When I arrived in Mumbai in 2008, the first photo I took was of the curve of the sea along the city, kite birds swooping in a sepia sky. The second was of Marine Drive lit up like a string of pearls. I’d immediately bought into the city’s dreaminess. I even hoped to work in Bollywood then. Instead, I joined a startup magazine and scribbled Hindi film dialogues in my notebooks at night.
Soon after I arrived in Mumbai, I met Maya, who told me long stories about her marriage. She told me how she’d eloped with her husband Veer against her parent’s wishes, even swallowing pills when her father had tried to prevent it. They’d wed in Jaipur, switching hotels in the dark of night. She always fasted for him during the festival on the fourth day after the full moon. Veer told me she would always be “the most perfect”. This is what I wanted to write about.
I got to know other couples, too. Among them was Shahzad, who was sterile and went to a black magic priest to solve his problem, and his wife Sabeena, who tried to settle his mind and heart. And I met Ashok, who went on magical dates – dancing salsa, gifting fresh marigolds – but never kissed a girl for fear they’d have to marry. Later, he would find Parvati, who shared the same worries.
All the love stories I heard were filmi. That filminess – real or illusive – was why I’d come to Mumbai in the first place. I’d read all the books on the city with stories of gangsters and dance bar girls and crooked cops and obsessive love.
The love stories were a large part of why I stayed. I worked at the magazine by day and recorded stories of the couples I met at night. I thought I might try to write them into a novel someday. Looking back, they also served as an escape from the trauma of my father’s third divorce, which happened just before I moved to the city.
But a friend of mine always said Bollywood ruined her for love and she was right. That dreamy, imaginative idea of the world didn’t prepare me for when reality set in, which, in Mumbai, it always does.
Reality first hit on 26/11, just a few months after I came to the city, though I focused instead on the road stalls putting on a brave face and playing ‘Mumbai Meri Jaan’. Reality hit when a vegetable seller tried to force himself on me in Marine Lines, but the mob that formed afterwards to beat him up reassured me that the city would always have my back. And harsh reality hit again in 2010, when a truck crashed into a car my friends and I were travelling in, forcing me to leave the country to recover. I promised myself I’d come back.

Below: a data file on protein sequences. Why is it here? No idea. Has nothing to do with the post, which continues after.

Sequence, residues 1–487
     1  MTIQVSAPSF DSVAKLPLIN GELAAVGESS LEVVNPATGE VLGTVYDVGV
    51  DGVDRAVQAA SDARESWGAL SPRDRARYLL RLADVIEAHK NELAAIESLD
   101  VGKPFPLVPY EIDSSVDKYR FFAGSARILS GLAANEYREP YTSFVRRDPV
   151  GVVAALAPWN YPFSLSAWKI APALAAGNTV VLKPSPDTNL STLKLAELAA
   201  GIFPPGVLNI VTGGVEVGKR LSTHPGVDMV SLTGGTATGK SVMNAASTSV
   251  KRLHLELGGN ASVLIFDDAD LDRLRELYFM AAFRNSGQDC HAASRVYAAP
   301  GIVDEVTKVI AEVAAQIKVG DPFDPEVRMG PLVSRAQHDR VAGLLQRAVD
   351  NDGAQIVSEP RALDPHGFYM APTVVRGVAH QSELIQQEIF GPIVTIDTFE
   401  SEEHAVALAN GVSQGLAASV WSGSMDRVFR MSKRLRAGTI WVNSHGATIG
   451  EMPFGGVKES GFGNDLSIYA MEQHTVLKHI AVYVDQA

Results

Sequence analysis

In hindsight, I’m almost glad the accident happened, because I probably would have written an overly romantic book about love and marriage in Mumbai. I didn’t understand the city then, or the couples I’d met. I saw only the dreaminess.
In 2014, I returned to Mumbai. In the four years since I had left, I’d worked as a newspaper journalist in the US and came back with notebooks and a recorder. My idea was to write about the marriages as nonfiction.
I barely recognised the couples’ marriages. Where before they had been in love, even obsessed with each other, they now were looking elsewhere, pining for old and new lovers. The possibilities of their marriages once seemed limitless. Now, Sabeena told me that marriage was like a laddoo, because “if you eat it, you’ll cry, if you don’t, you’ll cry too”. Maya was barely talking to Veer. And Ashok and Parvati were struggling to make true the mantra “love will follow”.
Everything in Mumbai is either beautiful or brutal, depending on how you look at it. I had always seen the city through the couples’ eyes. As their gleam faded, so too did the city’s. I noticed more acutely Mumbai’s ugly details, from the abuses of the rich in their gaudy towers to the gaalis hurled by taxi drivers after they spit their paan.
In 2015, I flew back to Mumbai once again to meet the couples. They seemed more stable now. I watched Maya, who I thought had given up on Veer, go into stitches one evening at a joke he made in bed. I heard Shahzad say that Sabeena no longer made him happy, but fall into ecstasy every time he drank her tea. I saw Ashok and his wife annoy one another for days, then lock eyes meaningfully after seeing a suggestive ad in a mall.
This time the city also felt different. I found myself noting its quieter, lovelier details. The butterflies dancing over the lush parks in Fort. The plants growing wild on Kandivali terraces, or sprawling across apartment walls. The gorgeous flap of wings at Kabutar Khana. How the sky in Mumbai was never a usual colour.
In 2018, I returned again to the city, to chart the changes in Mumbai once more through its details and its people. I try to remember the city as it was when I first arrived ten years ago.
In some ways, Mumbai is barely recognisable from the city it once was. There are no longer the dance bar girls and gangsters of old. But there are still too many crooked cops and there are still so many stories of obsessive love.
As for the couples, they tell me that they’ve discarded many of the dreams of their youth. They forget they even had certain dreams. But new dreams have also been made: for a faraway trip, a business venture, a house by the sea. Since I last visited, a mother has been lost and a child born. They’ve strayed or haven’t, but made their peace with it.
On one of my last evenings in the city, I wander town alone, walking to the water’s edge. As the sun sets, I climb into a taxi, and the sky is an unreal purple. Lovers and families and people alone sit or stand along the water looking out. I try to take a photo to remember, but the taxi is going too fast, and the image is mostly a blur.
Elizabeth Flock is a journalist whose work has appeared in the New York Times, the Atlantic, PBS NewsHour and many other outlets. She is the author of Love and Marriage in Mumbai.